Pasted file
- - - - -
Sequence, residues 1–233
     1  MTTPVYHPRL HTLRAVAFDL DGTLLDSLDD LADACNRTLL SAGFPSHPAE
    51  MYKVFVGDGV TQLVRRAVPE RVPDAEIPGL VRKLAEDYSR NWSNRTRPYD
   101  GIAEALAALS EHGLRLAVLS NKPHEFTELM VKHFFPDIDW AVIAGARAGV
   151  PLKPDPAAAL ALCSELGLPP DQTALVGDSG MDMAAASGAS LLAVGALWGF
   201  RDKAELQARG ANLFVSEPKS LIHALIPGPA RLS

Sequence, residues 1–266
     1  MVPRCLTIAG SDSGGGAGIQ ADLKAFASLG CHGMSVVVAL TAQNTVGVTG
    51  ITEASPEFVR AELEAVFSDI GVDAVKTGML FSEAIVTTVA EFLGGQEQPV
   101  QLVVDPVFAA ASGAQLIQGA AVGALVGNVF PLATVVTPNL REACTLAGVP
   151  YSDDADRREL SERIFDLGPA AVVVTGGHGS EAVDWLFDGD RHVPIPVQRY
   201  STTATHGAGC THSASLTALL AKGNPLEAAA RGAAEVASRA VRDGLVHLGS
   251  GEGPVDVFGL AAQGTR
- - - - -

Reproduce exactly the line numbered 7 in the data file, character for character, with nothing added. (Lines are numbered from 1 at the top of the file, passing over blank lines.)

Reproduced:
Sequence, residues 1–266